by Charles Lemos, Thu Jul 29, 2010 at 02:56:05 PM EDT
For some time now, the US economy has had all the ingredients—soft, anemic labour markets and wage growth, slack consumer demand, a real estate sector that has to revive after a three year downturn—for a deflationary cycle. Deflation was last seen in the US in the 1930s and in Japan in the 1990s, when the inflation rate fell to zero and then turned negative for several years. But now the Federal Reserve is increasingly concerned that we may be on the cusp of a deflationary asset spiral.
From the New York Times:
On Thursday, James Bullard, the president of the Federal Reserve Bank of St. Louis, warned that the Fed’s current policies were putting the American economy at risk of becoming “enmeshed in a Japanese-style deflationary outcome within the next several years.”
The warning by Mr. Bullard, who is a voting member of the Fed committee that determines interest rates, comes days after Ben S. Bernanke, the Fed chairman, said the central bank was prepared to do more to stimulate the economy if needed, though it had no immediate plans to do so.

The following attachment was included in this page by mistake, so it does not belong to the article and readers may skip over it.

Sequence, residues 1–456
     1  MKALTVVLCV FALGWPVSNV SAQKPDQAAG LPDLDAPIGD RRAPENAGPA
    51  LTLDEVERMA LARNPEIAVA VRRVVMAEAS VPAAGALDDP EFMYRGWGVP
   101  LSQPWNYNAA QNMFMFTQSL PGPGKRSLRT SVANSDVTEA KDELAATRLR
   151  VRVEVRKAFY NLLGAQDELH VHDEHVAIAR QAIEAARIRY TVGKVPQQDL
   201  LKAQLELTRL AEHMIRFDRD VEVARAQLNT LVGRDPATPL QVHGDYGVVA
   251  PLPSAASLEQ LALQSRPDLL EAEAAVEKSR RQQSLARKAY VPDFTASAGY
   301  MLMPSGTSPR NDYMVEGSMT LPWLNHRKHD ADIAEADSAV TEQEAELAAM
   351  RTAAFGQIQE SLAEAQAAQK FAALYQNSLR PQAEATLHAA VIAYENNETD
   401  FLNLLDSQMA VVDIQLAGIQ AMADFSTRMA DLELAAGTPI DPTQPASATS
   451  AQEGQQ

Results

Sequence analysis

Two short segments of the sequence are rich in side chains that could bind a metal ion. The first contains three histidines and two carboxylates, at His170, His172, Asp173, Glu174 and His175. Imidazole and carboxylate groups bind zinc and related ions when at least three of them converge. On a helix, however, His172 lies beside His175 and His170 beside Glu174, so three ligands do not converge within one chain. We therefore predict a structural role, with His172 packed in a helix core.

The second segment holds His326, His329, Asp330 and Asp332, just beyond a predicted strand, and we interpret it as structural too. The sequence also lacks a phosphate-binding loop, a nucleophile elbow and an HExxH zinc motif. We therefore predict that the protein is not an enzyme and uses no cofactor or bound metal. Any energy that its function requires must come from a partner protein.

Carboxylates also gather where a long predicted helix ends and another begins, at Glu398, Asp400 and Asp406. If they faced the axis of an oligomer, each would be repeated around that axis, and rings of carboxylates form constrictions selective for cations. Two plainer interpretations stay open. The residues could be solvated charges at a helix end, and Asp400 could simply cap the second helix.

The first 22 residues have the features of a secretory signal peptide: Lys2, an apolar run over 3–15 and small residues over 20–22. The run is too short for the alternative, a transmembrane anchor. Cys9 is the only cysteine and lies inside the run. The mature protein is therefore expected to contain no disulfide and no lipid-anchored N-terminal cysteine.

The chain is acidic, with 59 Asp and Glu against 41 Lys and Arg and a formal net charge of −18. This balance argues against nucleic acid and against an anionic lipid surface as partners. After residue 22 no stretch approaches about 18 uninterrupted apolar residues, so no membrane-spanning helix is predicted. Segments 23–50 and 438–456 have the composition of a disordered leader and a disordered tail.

Mr. Bullard had been viewed as a centrist and associated with the camp that sees inflation, the Fed’s traditional enemy, as a greater threat than deflation.
But with inflation now very low, about half of the Fed’s unofficial target of 2 percent, and with the European debt crisis having roiled the markets, even self-described inflation hawks like Mr. Bullard have gotten worried that growth has slowed so much that the economy is at risk of a dangerous cycle of falling prices and wages.
Among those seen as already sympathetic to the view that the damage from long-term unemployment and the threat of deflation are among the greatest challenges facing the economy, are three other Fed bank presidents: Eric S. Rosengren of Boston, Janet L. Yellen of San Francisco and William C. Dudley of New York.
Deflation is a particularly vexing economic problem because as prices fall, people who already owe money have to pay back loans in dollars that will buy more goods than the dollars they borrowed. Assets are worth less than the amount owed. For new loans, it raises the real, or inflation-adjusted, cost of credit, the opposite of what monetary policy needs to do to combat falling demand. Plus, in the effort to boost spending, policymakers cannot cut the target rate below zero. At that point, negative inflation can keep the real rate high enough to restrict economic growth.
Here's a recent note from the Federal Reserve Bank of San Francisco on the Risks of Deflation.